Just thinkin' out loud. Drinking Beverage

Intriguing idea. How do you plan to make monotheists switch to polytheism?
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30-06-2012, 02:29 PM
RE: Religious inoculation
(30-06-2012 01:12 PM)Debzilla Wrote:  Rather than picking the lesser of two evils, I'm hoping reality catches on...
Agreed. However, what I didn't make very clear is that I am exploring any way to mitigate the threat of the terrifying virulence of monotheism. The very real threat to peace and even survival from Islam and Christianity persuades me to consider mitigation before cure.

And I think it may be easier to go from the relatively benign infection of polytheism to atheism than from monotheism. That is certainly arguable.

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30-06-2012, 02:35 PM
RE: Religious inoculation
(30-06-2012 02:28 PM)Gaest Wrote:  
(30-06-2012 12:40 PM)Chas Wrote:  The monotheistic religions are essentially totalitarian and anti-human, while polytheistic religions are not.

Polytheism seems to engender a certain amount of acceptance and inclusion.
For example, the Romans adopted gods from other religion over the years.
When one's worldview accepts multiple causalities, as opposed to the sky tyrant
being in charge of everything, there results a less rigid worldview.

Since it is difficult to use reason and evidence to treat the seriously infected religious mind,
maybe we could somehow use polytheism (or pantheism?) to inoculate people against the
much more virulent disease of monotheism.

Islam and Christianity are already semi-polytheistic, what with saints, djinns, angels, shaitin, Satan, etc.
There could be a wedge strategy there.

Just thinkin' out loud. Drinking Beverage

Intriguing idea. How do you plan to make monotheists switch to polytheism?
As I pointed out, they're already almost there. We can reinforce that idea.

Maybe it's more subtle than that; we reinforce polytheistic themes in the culture, we expose children to polytheistic ideas to inoculate them against monotheism. I think there are always going to be people for whom reason and science aren't enough emotionally - I would rather have them thinking about wood nymphs and dryads than Yahweh or Allah.

Skepticism is not a position; it is an approach to claims.
Science is not a subject, but a method.
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30-06-2012, 02:40 PM
RE: Religious inoculation
(30-06-2012 02:29 PM)Chas Wrote:  And I think it may be easier to go from the relatively benign infection of polytheism to atheism than from monotheism. That is certainly arguable.

I think polytheism would certainly present a smooth transition between God and no God. It instantly creates a level of doubt in one's mind. And once doubt is established, it's just a matter of that next step. Thumbsup

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30-06-2012, 06:21 PM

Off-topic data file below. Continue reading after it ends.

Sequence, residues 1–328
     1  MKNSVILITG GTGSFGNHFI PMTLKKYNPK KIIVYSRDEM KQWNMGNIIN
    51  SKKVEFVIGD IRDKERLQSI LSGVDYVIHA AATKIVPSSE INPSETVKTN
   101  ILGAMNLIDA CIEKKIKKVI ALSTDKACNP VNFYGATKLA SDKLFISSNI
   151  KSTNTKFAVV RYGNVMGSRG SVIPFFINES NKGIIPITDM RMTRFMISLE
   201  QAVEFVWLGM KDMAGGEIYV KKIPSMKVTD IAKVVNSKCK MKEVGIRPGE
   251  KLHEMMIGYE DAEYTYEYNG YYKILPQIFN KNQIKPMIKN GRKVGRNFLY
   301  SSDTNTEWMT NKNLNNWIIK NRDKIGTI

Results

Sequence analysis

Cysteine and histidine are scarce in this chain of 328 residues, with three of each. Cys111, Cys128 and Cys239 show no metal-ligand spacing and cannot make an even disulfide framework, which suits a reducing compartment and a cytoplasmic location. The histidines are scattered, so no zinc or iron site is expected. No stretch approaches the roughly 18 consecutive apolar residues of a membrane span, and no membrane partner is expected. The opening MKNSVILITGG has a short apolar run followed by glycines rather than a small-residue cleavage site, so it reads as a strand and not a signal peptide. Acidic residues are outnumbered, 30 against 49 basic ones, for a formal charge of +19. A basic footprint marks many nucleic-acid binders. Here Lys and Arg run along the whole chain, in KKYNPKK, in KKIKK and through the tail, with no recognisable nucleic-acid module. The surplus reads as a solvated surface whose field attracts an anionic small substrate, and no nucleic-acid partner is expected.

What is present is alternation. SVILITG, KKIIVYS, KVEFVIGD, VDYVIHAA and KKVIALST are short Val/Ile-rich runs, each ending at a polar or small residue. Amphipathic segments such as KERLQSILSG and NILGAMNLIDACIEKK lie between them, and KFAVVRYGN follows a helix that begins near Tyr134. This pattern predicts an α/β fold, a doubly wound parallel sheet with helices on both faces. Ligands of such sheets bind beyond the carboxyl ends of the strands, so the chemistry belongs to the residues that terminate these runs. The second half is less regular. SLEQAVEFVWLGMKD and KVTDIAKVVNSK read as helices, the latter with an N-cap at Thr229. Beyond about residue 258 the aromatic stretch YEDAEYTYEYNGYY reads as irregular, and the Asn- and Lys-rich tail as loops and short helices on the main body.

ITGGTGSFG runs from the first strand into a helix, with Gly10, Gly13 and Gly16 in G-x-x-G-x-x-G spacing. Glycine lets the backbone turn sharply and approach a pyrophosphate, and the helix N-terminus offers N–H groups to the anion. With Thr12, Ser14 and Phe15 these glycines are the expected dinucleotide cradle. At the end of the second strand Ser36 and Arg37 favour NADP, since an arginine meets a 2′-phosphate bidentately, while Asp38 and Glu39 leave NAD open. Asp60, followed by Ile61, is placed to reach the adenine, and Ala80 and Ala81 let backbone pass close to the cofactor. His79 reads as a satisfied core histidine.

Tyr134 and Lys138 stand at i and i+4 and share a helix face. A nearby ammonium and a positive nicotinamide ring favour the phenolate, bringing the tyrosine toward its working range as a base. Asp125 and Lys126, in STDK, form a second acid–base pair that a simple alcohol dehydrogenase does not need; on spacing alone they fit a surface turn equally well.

RE: Religious inoculation
(30-06-2012 12:40 PM)Chas Wrote:  Polytheism seems to engender a certain amount of acceptance and inclusion.
For example, the Romans adopted gods from other religion over the years.
When one's worldview accepts multiple causalities, as opposed to the sky tyrant
being in charge of everything, there results a less rigid worldview.

Are you sure this is really the case? Except for Buddhism, it would seem historically that all religions are by nature intolerant of other religions. The Romans may have adopted gods from other religions, but it would seem (as Erxomai pointed out about Catholicism) that it was an attempt to get others to worship their gods, not to foster peace between conflicting belief systems. Hindus are certainly polytheistic and their tolerance of other religions is questionable (India's state religion is Hindu, which suggests that at least some Hindus wish to impose their religion on others). But even without a counter-example, I just don't see how it logically follows that "multiple causalities" for our existence would result in a "less rigid worldview". Couldn't one believe in multiple "sky tyrants"?

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30-06-2012, 07:20 PM
RE: Religious inoculation
(30-06-2012 02:40 PM)kim Wrote:  
(30-06-2012 02:29 PM)Chas Wrote:  And I think it may be easier to go from the relatively benign infection of polytheism to atheism than from monotheism. That is certainly arguable.

I think polytheism would certainly present a smooth transition between God and no God. It instantly creates a level of doubt in one's mind. And once doubt is established, it's just a matter of that next step. Thumbsup
so moving from only one god to many gods is the next step in accepting no gods?
Do you know illogical that sounds. Tongue
"More is the only way towards none!"

The problem with this is it would never happen.
I mean you throw boat loads of evidence at the church and it takes them a million years to acknowledge it (looking at you evolution). Now you want to throw many gods at the church? You might as well be throwing no gods at the church it's pretty much the same thing to them.
The thing about religious people (the stubborn ones) is that it is their way or the highway (much like my philosophy, except I'm right), no gods or many gods it doesn't matter they'll reject it just the same.